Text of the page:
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THEN AND NOW: Carney and Crow’s Tavern city's first 'hotel'

Barrie Hotel offered excellent dining and bar that featured top-shelf wines and liquors along with the finest cigars

This ongoing series from Barrie Historical Archive curator Deb Exel shows old photos from the collection and one from the present day, as well as the story behind them.

The Barrie Hotel (94 Dunlop St. E.)

The very first ‘hotel’ in Barrie was Carney and Crow’s Tavern, a log structure built on the southwest corner of Five Points, about 1833.

When Joseph Crow left the business in 1834 to set up his own tavern on the new Sunnidale Road, his stepson and partner, Richard Carney, renamed the tavern the Plough Inn.

In 1840, Carney served as a warden of Vespra Township and, during the building of the county courthouse, he was the clerk of the building committee until construction was completed in 1843. Richard Carney later moved to Owen Sound as a custom house officer and the tavern was sold to Edward Marks in 1847.

Marks changed the name of the inn to the Farmer’s Arms, but by 1850, Edward Marks had bid farewell to the old tavern, building a new brick establishment on Dunlop Street East, known as Marks’ Hotel.

The first county clerk, Barrie postmaster, former merchant and widower, John McWatt, had married Elizabeth Marks, 18 years his junior and daughter of Edward and Elizabeth Marks, in 1848, just a scant month after the death of his McWatt’s first wife, Elizabeth (yes, that’s three Elizabeths).

In 1856, John, Elizabeth and his three children moved to Collingwood so John could assume the position of customs collector. One year later, his in-laws, Edward and Elizabeth Marks, joined them. Edward would pass away in Collingwood that same year.

The Marks had leased the hotel around 1853. In 1854, John Elgie of the Lake Elgie Hotel in Toronto, advised his friends and customers that he had leased the establishment known as the Marks’ Hotel in Barrie.

Elgie announced that he had completely overhauled the inn, painting, papering and refurnishing throughout. He offered private sitting rooms with attached bedrooms, perfect for families, and had large stables. Elgie renamed the inn the Barrie Hotel.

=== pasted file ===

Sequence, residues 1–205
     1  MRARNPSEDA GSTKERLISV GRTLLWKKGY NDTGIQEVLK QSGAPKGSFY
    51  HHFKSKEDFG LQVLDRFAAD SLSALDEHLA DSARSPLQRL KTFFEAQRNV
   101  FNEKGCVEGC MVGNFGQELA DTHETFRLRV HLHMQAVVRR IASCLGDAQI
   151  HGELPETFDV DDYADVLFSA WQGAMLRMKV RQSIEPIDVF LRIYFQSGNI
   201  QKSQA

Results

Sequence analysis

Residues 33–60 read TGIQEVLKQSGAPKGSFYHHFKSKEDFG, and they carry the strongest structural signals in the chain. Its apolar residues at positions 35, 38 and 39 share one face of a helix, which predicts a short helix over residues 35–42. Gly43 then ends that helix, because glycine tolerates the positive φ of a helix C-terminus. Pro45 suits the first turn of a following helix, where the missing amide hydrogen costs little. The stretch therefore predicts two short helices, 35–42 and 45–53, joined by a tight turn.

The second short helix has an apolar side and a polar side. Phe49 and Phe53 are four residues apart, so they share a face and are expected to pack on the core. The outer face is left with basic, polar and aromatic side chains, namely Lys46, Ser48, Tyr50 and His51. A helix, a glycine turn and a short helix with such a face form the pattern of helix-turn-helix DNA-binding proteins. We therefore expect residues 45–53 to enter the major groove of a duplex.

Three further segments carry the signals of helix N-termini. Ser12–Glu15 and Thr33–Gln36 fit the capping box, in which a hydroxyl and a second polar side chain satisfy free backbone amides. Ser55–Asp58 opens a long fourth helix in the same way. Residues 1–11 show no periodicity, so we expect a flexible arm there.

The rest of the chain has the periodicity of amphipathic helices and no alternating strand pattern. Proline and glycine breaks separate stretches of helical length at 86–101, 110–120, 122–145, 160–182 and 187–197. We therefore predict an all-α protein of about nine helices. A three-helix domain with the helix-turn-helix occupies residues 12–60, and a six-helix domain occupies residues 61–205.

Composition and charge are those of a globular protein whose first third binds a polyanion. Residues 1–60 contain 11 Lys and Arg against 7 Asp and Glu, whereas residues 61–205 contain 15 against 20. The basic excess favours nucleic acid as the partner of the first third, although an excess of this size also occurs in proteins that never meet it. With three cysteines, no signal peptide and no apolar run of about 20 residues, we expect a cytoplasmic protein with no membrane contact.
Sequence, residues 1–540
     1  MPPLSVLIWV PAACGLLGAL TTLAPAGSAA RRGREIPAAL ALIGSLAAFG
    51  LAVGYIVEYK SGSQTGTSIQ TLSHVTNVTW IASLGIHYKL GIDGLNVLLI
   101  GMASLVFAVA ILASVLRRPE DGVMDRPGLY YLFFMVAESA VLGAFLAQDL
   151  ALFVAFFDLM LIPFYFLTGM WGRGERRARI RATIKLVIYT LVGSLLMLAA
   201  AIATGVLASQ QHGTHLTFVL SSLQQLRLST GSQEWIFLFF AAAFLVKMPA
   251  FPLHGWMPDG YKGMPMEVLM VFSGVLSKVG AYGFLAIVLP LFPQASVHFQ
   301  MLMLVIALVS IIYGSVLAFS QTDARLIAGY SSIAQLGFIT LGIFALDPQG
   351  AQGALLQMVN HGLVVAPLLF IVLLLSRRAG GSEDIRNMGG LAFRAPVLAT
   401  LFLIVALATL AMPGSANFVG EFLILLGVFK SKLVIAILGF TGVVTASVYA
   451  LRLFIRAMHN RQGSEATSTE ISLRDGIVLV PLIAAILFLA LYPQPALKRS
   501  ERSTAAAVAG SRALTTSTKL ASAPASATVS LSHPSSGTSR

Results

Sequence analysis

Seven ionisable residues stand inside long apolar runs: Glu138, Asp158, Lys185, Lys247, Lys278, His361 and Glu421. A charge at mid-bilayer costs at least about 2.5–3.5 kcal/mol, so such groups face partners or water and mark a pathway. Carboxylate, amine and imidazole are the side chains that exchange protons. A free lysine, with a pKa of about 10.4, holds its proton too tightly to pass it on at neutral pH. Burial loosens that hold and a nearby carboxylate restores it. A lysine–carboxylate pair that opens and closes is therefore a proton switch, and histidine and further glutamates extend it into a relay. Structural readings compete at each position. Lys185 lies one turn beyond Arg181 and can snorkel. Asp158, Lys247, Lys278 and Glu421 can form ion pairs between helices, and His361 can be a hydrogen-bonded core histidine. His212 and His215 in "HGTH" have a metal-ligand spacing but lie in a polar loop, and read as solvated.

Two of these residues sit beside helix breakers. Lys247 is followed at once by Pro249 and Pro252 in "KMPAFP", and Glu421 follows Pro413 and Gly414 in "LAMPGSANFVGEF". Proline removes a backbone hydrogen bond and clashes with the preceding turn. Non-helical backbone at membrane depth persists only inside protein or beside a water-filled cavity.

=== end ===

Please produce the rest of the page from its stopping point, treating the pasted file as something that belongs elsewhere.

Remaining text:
Daniel Farrager replaced Elgie in 1858. The McWatts and the widow Marks returned from Collingwood in 1866, resuming operation of the hotel. In 1868, Mrs. Marks the proprietress and John McWatt the superintendent announced a brick expansion of their hotel, adding almost 30 warm and comfortable rooms to the inn.

Upon McWatt’s retirement in 1872, Alfred Arnall became proprietor of the Barrie Hotel. The previous year, Arnall, part of a small private group, the Barrie Park Association, formed a one-mile track on a 47-acre parcel of land between Brock and Victoria streets, west of Anne street – a race course meant to host the 1873 Queen’s Plate.

The hotelkeeper was also in the brewing business with Robert Simpson’s son, Thomas, but by the mid-1880s, Simpson, Arnall & Co. was in trouble and the business sold at public auction. The Andertons would take it over about 1900.

Lumberman Nathaniel Dyment purchased the race-track property for his Brookdale Stables, later selling to William Wright, the mining and newspaper magnate, in 1925.

By spring of 1892, the Barrie Hotel was up for sale or rent. Boasting a fine reputation from the Atlantic to the Pacific, the Barrie Hotel with its desirable central downtown location, just a one minute walk from the train station, could be available to the right party.